Voor Veerle Van Overloop en ShELFISH Productions | Publicatiedatum:
18 september 2019 | Foto’s © Lex Vesseur
In early April 2019, the young Greek-Australian dancer Olympia Kotopoulos (23) had a long phone conversation with her dad Glen which would prove a turning point in the making of What Lies Beneath, Veerle Van Overloop’s new show about the stories the mass media do not report, and the people affected by those forgotten stories. During the first brainstorm for the show, Olympia had realised she knew nothing about the subject. ‘Do I read newspapers?’, she would ask rhetorically during an interview for this article months later. ‘Absolutely not!’ In this respect she is a worthy representative of Gen Z, her generation, whose lives center around the smartphone and social media, not the traditional media their parents grew up with.
She had decided to call her dad to gain some knowledge and understanding of the workings of a world mostly alien to her. Glen Kotopoulos has never been a journalist. He is an experienced executive in the market for financial services, working mainly on new digital solutions. But in that capacity he had worked for ten years (1997-2007) for Reuters, one of the oldest news and information agencies in the world, founded in London in 1851. Reuters, since a merger in 2008 called Thomson Reuters, specialises in financial news and information, but it also provides more general news on politics and other subjects. Its clients are mass media like major newspapers, magazines, broadcasters and online platforms, and financial institutions like banks, insurers and asset managers. In short, Reuters is one of the main shapers of the world news that still dominates our dailies, radios and telly screens.
From the talk with his daughter, which she recorded on her iPhone, Glen emerges as a staunch believer in the values of Reuters and other comparable news institutions. Facts are sacred to him, as is classic journalistic objectivity: always check your facts with at least three sources, always present them in a neutral fashion without taking sides. He is a history buff too, showering Olympia off the top of his head with dates, names and events going back a century or more. The conversation is more like a monologue by Glen, with Olympia mainly listening. ‘Ín-ter-es-ting!’, she exclaims half mockingly at one point, overwhelmed by her father’s ‘word vomit’, as she calls it. ‘He is Greek’, she explains. ‘He is a storyteller.’
She plays the conversation back to Veerle, who immediately recognises its significance. This is not just about the news, about the working of mass media. This is the basic stuff of thousands of years of drama. It is a confrontation between generations, between young and old, between a daughter and a father who honestly tries to educate her with his rich experience and abundant knowledge. If you know your facts, your history, Glen keeps telling Olympia, you will be able to better understand the present, the current world around you. She doesn’t blame her father for her bewilderment. ‘Before this, I never even thought of asking him about his work.’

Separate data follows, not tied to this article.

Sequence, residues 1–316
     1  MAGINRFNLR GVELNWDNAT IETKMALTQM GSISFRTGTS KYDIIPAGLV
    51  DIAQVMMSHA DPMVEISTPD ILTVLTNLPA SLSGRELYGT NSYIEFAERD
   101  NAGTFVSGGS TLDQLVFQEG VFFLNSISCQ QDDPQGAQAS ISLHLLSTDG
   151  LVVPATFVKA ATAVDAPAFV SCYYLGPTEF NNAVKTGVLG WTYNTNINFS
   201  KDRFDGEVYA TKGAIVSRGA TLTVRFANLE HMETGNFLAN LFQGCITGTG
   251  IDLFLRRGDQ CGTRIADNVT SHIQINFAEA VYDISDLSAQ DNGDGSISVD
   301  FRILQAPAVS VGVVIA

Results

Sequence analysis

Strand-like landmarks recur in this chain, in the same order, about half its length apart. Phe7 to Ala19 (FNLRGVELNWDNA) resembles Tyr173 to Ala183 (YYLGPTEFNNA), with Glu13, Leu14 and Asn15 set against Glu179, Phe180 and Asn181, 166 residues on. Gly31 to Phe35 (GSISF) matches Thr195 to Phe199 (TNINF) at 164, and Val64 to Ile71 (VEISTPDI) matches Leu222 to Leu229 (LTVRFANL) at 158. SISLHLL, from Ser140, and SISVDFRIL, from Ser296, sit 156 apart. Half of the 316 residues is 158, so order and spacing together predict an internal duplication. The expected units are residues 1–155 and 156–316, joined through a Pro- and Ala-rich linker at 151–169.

Almost on the spot, Van Overloop decides to give the conversation between father and daughter a prominent place in What Lies Beneath. The insertion of this new element brings a major change in her initial plans for the show – and an unwanted and unexpected parting of minds with one of her main collaborators.
Veerle Van Overloop (1969) hails from Flanders in Belgium. In 1994 she graduates from the theatre school in Arnhem in the Netherlands. For many years after she works as an actress with various ensembles and directors, mainly on stage, but also in films. In the early noughties she settles in Groningen, an ancient university city and the capital of the province of the same name in the Dutch North. First as an ensemble member of Noord Nederlands Toneel, then as a performer and dramaturg with dance company Club Guy & Roni.
There she conceives her first own show, in 2016. The Jungle is Our House is a mix of theatre, dance, music and visuals, inspired by the ‘Calais Jungle’, an improvised camp on polluted wasteland near the French port city of that name from where thousands of refugees tried to reach the United Kingdom. Before its eviction by the French authorities later that year, Van Overloop visits the camp several times to hear the stories of the inhabitants, and document and photograph their plight. Meanwhile she reads everything she can find about immigration in Europe, and talks to experts on the subject. She then translates this material into drama, selecting as her collaborators performers from various disciplines whose work she trusts and respects.
With The Jungle she establishes her modus operandi, and her signature as a maker – the type of shows she feels compelled to make. ‘Theatre as a place to discover things you don’t know yet or don’t want to know. (…) Theatre as an opportunity (…) to question our laws and behaviour’, as Van Overloop puts it on the website of ShELFISH, her own production company founded in 2017. Not as a one-way exercise by a maker preaching to her spectators; she wants to involve and engage them. Her projects aim at ‘co-creating a common time and space to share and reflect on complex and difficult sides of our individual and shared existence and environment’.
She is sharing and single-minded in equal measures. ‘Veerle always has a very clear idea of what she wants to make’, says Judith Blankenberg, a dramaturg and frequent collaborator. ‘At the same time, she stays open to other ideas and influences. That combination is one of her strongest suits.’ People come first. For a new show, Van Overloop picks her key performers when she still has only a basic notion of the eventual end result. ‘Veerle is not a dancer herself’, says Olympia Kotopoulos, ‘so she never imposes moves on me. She watches, listens, wants to understand. She gives me enough space to try things out and take risks.’